Energy company Drax operates the United Kingdom’s largest power plant, a converted coal-fired power plant that burns millions of tons of imported wood pellets, which counts as renewable energy, according to British and European Union standards. .
The power plant accounts for 12 percent of the U.K.’s renewable energy Drax has received £6 billion (€6.9 billion) to run the business with “green” grants from British taxpayers; however, BBC’s “Panorama” has revealed that Drax cut down virgin forest in Canada to produce the wood pellets it uses to burn and generate energy.
While Drax claimed that the company only used sawdust and other leftover wood, the BBC indicates that satellite images, logging licenses, and drone footage reveal that Drax’s claims are untrue.
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In the Panorama report, a BBC journalist followed a truck from one of Drax’s sawmills to document the company picking up timber directly from a forest.
Ecologist Michelle Connolly spoke with Panorama, alleging that Drax cuts down rare, old-growth forest that have taken thousands of years to grow, while claiming it is environmentally friendly.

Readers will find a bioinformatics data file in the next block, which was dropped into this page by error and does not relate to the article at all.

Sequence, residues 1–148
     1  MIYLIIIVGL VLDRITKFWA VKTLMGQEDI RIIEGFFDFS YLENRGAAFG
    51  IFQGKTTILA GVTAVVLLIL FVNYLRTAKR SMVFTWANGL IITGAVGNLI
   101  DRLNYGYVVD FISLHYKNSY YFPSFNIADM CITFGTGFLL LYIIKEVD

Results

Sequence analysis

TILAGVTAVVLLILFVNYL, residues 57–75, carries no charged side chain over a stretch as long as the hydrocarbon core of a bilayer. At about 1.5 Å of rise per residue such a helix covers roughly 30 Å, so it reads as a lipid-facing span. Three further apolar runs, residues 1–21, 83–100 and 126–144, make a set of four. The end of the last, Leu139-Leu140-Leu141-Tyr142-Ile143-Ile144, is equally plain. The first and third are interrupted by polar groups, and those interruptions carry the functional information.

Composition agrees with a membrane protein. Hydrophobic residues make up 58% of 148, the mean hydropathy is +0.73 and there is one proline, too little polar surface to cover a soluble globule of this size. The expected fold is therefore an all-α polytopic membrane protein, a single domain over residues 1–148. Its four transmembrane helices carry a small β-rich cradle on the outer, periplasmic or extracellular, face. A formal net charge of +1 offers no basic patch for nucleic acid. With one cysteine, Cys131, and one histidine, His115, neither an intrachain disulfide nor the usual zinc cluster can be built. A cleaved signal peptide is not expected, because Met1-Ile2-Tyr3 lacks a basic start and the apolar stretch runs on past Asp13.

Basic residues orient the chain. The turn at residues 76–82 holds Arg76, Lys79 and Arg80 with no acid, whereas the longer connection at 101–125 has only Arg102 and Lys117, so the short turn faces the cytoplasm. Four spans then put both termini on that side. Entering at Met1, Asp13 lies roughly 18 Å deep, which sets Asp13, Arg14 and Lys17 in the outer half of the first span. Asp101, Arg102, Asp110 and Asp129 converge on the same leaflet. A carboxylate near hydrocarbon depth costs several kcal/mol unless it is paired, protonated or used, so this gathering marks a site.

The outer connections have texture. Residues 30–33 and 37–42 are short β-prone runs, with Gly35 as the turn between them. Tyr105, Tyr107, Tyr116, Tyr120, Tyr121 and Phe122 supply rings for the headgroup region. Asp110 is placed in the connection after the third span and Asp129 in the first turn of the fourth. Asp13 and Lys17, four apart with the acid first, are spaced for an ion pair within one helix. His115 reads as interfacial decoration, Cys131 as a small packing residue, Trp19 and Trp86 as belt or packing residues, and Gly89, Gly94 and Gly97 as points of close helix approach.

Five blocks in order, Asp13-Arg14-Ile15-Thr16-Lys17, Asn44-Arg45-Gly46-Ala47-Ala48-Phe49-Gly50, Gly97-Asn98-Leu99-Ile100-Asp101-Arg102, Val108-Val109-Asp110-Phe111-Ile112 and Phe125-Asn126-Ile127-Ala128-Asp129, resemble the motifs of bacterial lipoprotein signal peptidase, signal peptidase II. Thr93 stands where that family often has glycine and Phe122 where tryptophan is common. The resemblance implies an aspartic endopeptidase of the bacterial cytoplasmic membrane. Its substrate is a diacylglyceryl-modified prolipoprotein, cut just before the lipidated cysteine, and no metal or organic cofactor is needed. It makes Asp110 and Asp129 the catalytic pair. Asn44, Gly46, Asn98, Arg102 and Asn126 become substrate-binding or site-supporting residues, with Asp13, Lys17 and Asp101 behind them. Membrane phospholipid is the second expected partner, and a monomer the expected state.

“It is truly shameful that British taxpayers are funding this destruction with their money. Cutting down natural forests and turning them into pellets that are burned for electricity, that is complete madness,” she said.
There are questions whether these wood pellets can be classified as green in any sense of the word given how they are harvested and utilized. The EU’s authorization of wood pellets, which are mostly sourced from North America, has long been criticized by environmentalists.
As Remix News has previously reported, these wood pellets are mainly harvested from intact forests and then transported across the ocean to be burned in Europe. Scientists argue that they are just as polluting as coal, and although they come from a renewable source, vast amounts of forestland need to be cut down every year to make use of this resource. Cutting down trees in old-growth forests is also not classified as renewable energy, as the trees planted are never expected to capture as much carbon as the previous forest did.
According to Greenpeace, the use of wood pellets destroys biodiversity and ruins entire ecosystems. Scientists estimate it takes between 44 to over 100 years for forests to grow back, but for old-growth forests, it is uncertain if they can ever recapture their former biodiversity.